·      Formal portraits or candid snapshots


It's up to you. How would you like to represent Jewish mothers?


Happy Mother’s Day!

Saturday, May 09, 2009

Mother's Day reflection, with thanks to Henrietta Szold

Cross-posted at Jewesses With Attitude

Frankly, I’m too burnt out by a day spent with my children to offer much in the way of my own reflections on Mother’s Day. So instead I will share the words of Henrietta Szold to fellow Zionist activist Jessie Sampter on August 23, 1917:

“Deep down in the bottom of my heart I have always held that I should have had children, many children. It is only in rearing children that minute service piled on minute service counts. In my life, details have confused the issue; they have not gone to make a harmonious and productive whole. In a mother’s life, ability to lose one’s identity in details is the great thing for the future of mankind.”

Now, the cynic in me, the exhausted mother in me, responds, “Well, of course someone without children would think that. The grass is always greener, etc.” Or, “Great, yet another celebration of women’s sacrifice of themselves for the ‘future of mankind.’” But there’s also something about these words that rings true to my experience.

Please understand that I am in no way arguing that motherhood is the only worthwhile contribution one can make to society. And I certainly disagree with Szold’s claim that the details of her life’s work didn’t add up to a “harmonious and productive whole.” But I do relate to her sense that in motherhood the mundane tasks and minute details are often more rewarding – relentless, yes, but rewarding – than in other aspects of everyday life.  So I’m taking some comfort in Szold’s words; when I feel mired in the frantic day-to-day struggle of balancing work/kids/marriage/myself, they remind me of the bigger picture.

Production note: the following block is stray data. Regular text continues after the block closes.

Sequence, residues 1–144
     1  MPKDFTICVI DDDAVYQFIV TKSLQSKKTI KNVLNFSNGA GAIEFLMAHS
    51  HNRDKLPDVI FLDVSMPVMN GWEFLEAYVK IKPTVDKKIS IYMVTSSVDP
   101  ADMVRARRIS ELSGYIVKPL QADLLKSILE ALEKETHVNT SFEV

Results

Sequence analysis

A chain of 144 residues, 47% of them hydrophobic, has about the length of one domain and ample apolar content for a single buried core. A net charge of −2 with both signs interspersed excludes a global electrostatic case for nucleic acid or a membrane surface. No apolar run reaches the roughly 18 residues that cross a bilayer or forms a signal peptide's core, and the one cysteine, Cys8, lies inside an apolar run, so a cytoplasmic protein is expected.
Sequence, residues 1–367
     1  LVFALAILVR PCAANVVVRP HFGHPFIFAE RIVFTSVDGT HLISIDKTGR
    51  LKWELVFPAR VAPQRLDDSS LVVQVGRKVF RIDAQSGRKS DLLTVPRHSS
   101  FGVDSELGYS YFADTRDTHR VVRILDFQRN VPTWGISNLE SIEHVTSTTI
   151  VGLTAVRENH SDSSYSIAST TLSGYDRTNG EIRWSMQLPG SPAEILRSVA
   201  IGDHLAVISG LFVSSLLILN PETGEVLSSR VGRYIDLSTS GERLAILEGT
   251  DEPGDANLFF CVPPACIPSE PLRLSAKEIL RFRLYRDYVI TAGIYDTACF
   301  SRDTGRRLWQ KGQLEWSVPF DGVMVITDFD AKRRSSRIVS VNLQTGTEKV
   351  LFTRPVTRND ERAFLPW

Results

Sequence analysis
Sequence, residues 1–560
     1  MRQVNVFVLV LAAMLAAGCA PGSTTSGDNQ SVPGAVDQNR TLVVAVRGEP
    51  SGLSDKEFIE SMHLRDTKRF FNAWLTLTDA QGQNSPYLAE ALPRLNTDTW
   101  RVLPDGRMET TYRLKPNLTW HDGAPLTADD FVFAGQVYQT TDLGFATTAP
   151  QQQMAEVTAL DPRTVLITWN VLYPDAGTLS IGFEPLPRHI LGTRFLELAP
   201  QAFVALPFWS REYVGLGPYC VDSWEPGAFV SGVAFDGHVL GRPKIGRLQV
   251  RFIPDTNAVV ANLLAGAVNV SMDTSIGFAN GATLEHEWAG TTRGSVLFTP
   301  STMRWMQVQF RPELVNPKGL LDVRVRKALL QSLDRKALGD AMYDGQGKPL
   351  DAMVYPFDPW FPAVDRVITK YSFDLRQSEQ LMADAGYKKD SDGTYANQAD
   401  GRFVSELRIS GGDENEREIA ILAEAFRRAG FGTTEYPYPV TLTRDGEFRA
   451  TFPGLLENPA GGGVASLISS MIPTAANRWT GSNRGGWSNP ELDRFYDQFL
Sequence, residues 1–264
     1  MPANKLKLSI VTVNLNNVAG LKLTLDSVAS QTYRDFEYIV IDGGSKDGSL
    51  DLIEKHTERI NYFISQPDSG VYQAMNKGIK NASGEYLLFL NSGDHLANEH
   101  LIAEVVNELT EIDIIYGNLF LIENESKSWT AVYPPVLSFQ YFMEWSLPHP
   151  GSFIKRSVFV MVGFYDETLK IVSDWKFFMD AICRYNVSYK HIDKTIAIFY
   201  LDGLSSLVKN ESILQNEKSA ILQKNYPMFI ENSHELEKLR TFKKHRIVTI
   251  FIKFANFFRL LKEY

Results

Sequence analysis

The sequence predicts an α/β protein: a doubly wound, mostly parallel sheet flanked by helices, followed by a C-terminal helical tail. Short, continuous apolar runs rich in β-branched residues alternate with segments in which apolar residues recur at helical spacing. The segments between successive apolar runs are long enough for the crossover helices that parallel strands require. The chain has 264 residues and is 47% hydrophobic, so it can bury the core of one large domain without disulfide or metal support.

At the same time, this quotation reminds me that there are many ways to be a mother. Though she never had children of her own, Szold was considered a mother to thousands because of her tireless work leading Youth Aliya, which saved eleven thousand children from the Nazis by bringing them to Palestine.

Happy Mother’s Day. May you catch a glimpse of that elusive “harmonious and productive whole.”

Monday, May 04, 2009


Well, here I am again. Thanks to all for your warm replies and agreement that we're not alone as mothers in this mess called life.

I noticed that sleep, or lack thereof, hit somewhat of a chord. I would continue this sentence, but I'm falling asleep. No, just kidding. No, just kidding, I am falling asleep, but I can continue to type!

I get between 5-6 hours of sleep on most nights. It just isn't enough. I have a 4 year old who goes to bed about 8:30-9ish and wakes up at about 7:30-8. And I know that you are saying what I should be saying....that is definitely enough to get your 7+ hours of sleep a night. Add to that the fact that I know I'm increasingly paranoid about life in general and many things specifically when I get too few hours of sleep, and that I'm mean and grouchy and jumped up on caffeine, and that I don't eat properly and well, the cycle keeps going.

So what is stopping us??

What's stopping me is that I LIKE ME TIME. No child, no husband, no dishes, no cooking for tomorrow, no sorting/folding laundry, no paying bills or calling friends or making playdates or writing thank you notes or checking email or finishing up the work I was supposed to do at the office. I like to be alone. And the only time I can do it is after everyone goes to bed and the day is done. I want to sit with a cup of tea and read the New Yorker or just fool around on Facebook or watch stupid TV. I want to be alone in the quiet. And that generally has to be done after 11pm. Or even after midnight. And I'm a nightowl, for sure. I get my best work done between midnight and 2am!

What is keeping you awake?